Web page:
• Img020_max50


    over 3 years ago


    Another tricky situation. I feel for the three officers and for their families. May God be near you and open other doors for you. I agree that these LEO's should have been properly trained, thats a given. However i feel that this is part of the job and when you sign on for SWAT you need to understand that getting shot at are not the only dangers. Secondly would'nt their inssurance cover this? I feel that this would harm tax payers.

  • 1393794_10151798561878138_392793313_n_max50


    over 3 years ago


    Man, u cannot play with meth lab, the thing is bad. It can kill you slowly.

  • Iphone_002_max50


    over 3 years ago


    pay them

  • Thinker_max50


    over 3 years ago


    First, I wish the officers the best in their recovery.

    If an agency/employer provides safety equipment or any equipment for that matter for you to use in your job, they also have the obligation to properly train you on how to use that equipment. This is why officers need to qualify with their firearms, and be certified with other things like batons, sprays, tazers, etc. I would think that failure to train the officers on respirator masks would be a violation of OSHA rules as well as subjecting the city to litigation...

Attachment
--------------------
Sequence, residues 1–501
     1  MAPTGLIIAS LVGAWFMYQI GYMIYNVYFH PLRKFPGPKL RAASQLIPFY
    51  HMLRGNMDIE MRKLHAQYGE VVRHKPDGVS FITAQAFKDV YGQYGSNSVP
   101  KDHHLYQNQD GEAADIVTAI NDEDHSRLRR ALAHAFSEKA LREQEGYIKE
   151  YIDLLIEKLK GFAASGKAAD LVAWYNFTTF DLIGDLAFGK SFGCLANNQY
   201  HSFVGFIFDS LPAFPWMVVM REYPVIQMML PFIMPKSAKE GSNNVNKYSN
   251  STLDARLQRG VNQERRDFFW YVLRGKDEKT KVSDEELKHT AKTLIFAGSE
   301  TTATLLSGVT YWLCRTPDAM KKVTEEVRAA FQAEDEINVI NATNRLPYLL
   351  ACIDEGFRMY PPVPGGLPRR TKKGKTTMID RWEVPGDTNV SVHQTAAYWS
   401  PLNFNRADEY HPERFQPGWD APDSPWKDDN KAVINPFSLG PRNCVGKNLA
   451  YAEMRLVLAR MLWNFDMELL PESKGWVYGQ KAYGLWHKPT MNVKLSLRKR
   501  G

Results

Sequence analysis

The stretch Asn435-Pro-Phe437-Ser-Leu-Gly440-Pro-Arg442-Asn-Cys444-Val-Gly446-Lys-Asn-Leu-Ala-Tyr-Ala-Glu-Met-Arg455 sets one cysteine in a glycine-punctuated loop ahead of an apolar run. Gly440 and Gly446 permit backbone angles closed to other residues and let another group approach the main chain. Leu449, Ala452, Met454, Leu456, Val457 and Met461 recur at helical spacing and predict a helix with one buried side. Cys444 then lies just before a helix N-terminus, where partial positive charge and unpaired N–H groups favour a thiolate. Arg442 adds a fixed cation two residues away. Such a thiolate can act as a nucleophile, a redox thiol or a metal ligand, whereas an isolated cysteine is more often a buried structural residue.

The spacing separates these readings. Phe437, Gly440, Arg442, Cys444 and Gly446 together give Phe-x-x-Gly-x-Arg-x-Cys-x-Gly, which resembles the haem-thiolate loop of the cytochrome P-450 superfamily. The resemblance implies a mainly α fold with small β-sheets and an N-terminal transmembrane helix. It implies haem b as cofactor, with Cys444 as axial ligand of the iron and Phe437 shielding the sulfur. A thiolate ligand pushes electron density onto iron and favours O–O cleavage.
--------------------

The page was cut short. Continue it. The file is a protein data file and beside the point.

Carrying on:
• Edres_max50


    over 3 years ago


    This article is important. we need to learn from this. Raids on meth labs and other drug houses dealing with these dangerous chemicals is dangerous. Officers should suit up with at least partial bio hazard / chemical warfare equipment. Protected O2 supply etc. These chemicals can also cause damage via skin contact. Stay safe, suit up.

  • Jack_bauer_max50


    over 3 years ago


    it's simple, you find a meth lab get out, you know there is a meth lab, call somebody else in who has hazmat suits. If your administration goes against these two rules, then sue them.